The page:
Sascha Cordner

Phone: (850) 487-3086  x404

Sascha Cordner worked at NPR member station WUFT-FM in Gainesville for several years. She's worked in both TV and radio, serving in various capacities as a reporter, producer and anchor. She's also a graduate of the University of Florida with a bachelor's degree in telecommunications.  She has received several  Florida Associated Press Broadcasters Awards with one of her award-winning stories titled "Male Breast Cancer: Lost in the Sea of Pink."  Currently, Sascha serves as the host and producer of local and state news content for the afternoon news program "All Things Considered" at WFSU.  Sascha primarily covers criminal justice and social services issues. When she's not reporting, Sascha likes catching up on her favorite TV shows, singing and reading. Follow Sascha Cordner on Twitter: @SaschaCordner.

A bipartisan group of Florida lawmakers is looking to create an alternative to restore the rights of former inmates.

A number of gun bills appear to be dead for the 2018 legislative session, after failing to pass their first Florida Senate committee Tuesday.

A proposal changing the eligibility requirements for becoming a judge in a state or county court is starting to move in a committee of the Constitution Revision Commission. That’s the panel that meets every 20 years to revise the state constitution and put the matter before voters.

Thursday marked the end of Hurricane Season, and Governor Rick Scott is noting lessons to apply next year.

A proposal to give Florida’s Chief Financial Officer more duties failed to pass a subpanel of the state’s Constitution Revision Commission, but it may still be alive.

A proposal increasing the mandatory retirement age for Florida judges has unanimously passed a subpanel of the state’s Constitution Revision Commission. That’s the panel that meets every 20 years to revise the state constitution.

The Executive Director of Florida’s wildlife agency is leaving. He’s the latest to step down from a top role at the Florida Fish and Wildlife Conservation Commission.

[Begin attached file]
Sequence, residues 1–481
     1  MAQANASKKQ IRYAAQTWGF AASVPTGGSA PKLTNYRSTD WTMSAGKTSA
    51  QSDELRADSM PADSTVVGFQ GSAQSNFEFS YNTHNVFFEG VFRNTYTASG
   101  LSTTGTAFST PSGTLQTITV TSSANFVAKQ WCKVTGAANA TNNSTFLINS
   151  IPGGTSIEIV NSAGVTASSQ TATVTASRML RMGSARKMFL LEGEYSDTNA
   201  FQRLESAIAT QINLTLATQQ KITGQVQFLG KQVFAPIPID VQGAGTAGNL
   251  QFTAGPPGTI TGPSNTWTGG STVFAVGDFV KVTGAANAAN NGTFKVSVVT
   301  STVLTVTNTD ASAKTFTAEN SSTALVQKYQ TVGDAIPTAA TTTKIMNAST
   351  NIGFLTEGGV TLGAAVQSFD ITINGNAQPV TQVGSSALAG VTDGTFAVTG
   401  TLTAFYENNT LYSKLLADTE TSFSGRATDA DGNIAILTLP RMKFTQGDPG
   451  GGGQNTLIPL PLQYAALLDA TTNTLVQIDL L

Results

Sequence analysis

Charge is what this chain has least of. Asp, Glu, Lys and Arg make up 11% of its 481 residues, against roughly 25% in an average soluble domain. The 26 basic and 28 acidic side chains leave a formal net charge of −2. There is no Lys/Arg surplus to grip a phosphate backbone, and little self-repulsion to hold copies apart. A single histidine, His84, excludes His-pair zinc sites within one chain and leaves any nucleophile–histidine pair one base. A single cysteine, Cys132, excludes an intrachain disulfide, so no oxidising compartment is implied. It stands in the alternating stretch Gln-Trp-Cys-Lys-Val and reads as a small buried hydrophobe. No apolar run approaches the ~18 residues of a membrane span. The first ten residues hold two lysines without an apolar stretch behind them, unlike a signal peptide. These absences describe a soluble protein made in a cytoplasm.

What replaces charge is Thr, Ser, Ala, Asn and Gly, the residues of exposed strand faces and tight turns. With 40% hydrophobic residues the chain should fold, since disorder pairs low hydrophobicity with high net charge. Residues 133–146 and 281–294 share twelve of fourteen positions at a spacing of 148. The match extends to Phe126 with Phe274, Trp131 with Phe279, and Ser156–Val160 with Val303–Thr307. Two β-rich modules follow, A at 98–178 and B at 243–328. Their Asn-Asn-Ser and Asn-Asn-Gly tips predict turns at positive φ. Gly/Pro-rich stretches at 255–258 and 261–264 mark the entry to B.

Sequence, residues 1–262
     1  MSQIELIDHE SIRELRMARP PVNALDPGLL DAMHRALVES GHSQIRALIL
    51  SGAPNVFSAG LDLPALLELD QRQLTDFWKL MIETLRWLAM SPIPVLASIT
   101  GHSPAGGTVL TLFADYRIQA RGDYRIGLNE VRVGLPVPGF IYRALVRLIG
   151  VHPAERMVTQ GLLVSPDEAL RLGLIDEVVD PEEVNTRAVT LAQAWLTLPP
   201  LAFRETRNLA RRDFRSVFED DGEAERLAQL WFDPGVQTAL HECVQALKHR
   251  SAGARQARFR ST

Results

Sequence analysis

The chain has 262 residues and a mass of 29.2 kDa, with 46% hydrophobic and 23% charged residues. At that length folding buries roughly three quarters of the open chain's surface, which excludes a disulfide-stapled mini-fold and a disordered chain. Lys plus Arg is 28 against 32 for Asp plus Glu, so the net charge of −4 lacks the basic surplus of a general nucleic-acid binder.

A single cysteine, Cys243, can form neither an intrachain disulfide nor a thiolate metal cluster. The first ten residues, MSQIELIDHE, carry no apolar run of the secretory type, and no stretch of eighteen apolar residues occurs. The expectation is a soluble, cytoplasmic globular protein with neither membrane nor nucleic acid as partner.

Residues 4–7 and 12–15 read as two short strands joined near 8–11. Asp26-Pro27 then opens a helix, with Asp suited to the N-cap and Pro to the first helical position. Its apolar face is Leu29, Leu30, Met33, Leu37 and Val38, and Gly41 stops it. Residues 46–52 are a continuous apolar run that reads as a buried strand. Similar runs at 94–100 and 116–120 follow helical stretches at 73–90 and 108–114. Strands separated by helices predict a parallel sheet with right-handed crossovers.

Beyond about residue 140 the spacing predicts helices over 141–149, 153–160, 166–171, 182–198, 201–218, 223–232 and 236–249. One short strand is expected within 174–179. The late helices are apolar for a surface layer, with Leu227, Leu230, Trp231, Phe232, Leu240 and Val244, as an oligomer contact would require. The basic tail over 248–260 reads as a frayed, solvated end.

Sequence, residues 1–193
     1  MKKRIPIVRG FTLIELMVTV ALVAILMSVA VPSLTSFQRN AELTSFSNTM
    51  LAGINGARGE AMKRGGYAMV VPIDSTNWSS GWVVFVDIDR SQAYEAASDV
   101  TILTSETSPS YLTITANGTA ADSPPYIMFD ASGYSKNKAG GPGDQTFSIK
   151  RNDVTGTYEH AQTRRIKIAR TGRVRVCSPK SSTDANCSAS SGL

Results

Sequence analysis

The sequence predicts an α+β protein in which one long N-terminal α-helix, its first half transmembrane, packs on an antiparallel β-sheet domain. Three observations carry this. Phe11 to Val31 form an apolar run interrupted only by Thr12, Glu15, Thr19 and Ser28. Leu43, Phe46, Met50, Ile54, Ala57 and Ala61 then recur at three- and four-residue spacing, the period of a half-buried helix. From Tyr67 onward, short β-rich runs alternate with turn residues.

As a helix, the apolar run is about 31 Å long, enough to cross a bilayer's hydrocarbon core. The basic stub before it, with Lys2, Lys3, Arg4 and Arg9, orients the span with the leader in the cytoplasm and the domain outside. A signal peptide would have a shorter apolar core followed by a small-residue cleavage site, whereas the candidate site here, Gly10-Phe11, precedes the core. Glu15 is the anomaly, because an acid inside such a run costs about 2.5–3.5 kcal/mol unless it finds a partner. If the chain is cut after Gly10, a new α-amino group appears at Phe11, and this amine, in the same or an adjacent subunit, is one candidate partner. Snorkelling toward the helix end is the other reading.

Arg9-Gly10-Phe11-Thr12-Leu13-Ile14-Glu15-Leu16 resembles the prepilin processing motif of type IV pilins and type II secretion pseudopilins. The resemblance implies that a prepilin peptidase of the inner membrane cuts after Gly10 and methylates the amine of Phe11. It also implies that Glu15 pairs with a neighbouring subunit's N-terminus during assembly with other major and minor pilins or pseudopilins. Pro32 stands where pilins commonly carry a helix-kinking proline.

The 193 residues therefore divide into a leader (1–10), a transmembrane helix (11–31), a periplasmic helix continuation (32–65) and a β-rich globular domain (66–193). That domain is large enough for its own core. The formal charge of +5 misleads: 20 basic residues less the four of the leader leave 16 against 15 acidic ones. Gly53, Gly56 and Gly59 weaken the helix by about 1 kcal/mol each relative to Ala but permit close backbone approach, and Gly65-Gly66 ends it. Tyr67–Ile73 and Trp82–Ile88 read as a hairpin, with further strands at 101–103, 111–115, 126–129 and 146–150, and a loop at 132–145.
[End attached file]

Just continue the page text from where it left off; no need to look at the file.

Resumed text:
This month is Diabetes Awareness Month, and a bipartisan push is underway to do more about the disease that is one of the leading cause of deaths among Floridians.

With only one committee hearing, a bill seeking to regulate Florida’s pregnancy crisis centers is now heading to the House floor. But, pro-choice advocates are not happy about a provision that directs the state to only contract with providers that “promote and support childbirth.”

With the third largest inmate population in the U.S., the Florida Department of Corrections is continuing to look for ways to get that number to decrease—even as it’s started declining in recent years. State lawmakers may be coming together on a solution that used to be controversial in the past.

Florida has reported its second case of the Zika virus via local mosquitos.

An organization that deals a lot with human trafficked kids says it’s important to go into the schools and educate potential victims early about traffickers.

State Representative Ross Spano is the latest Republican to enter the 2018 race for Florida Attorney General.

Florida’s prison population appears to be on the decline.

For the most part, Governor Rick Scott’s $87.4 billion budget proposal appears very promising. That’s according to the Florida Senate’s new budget chairman,  Sen. Rob Bradley (R-Fleming Island).

In response to a spate of child abuse deaths in Florida, state lawmakers in 2014 created teams to investigate the root causes of these deaths and report them to Florida’s child welfare agency. Now, a similar effort is underway for the state’s elderly population.

Florida lawmakers are trying to establish a pilot program to help newborns exposed to addictive drugs while in their mother’s womb.

Bills aimed at making it easier for human trafficking victims to sue their traffickers have passed a House committee.

A revived bill that wades into the abortion debate has passed its first Florida Senate Committee, but not without opposition.

A bill seeking to make it easier for firearm dealers to pay for the criminal background checks has unanimously passed its first Senate committee.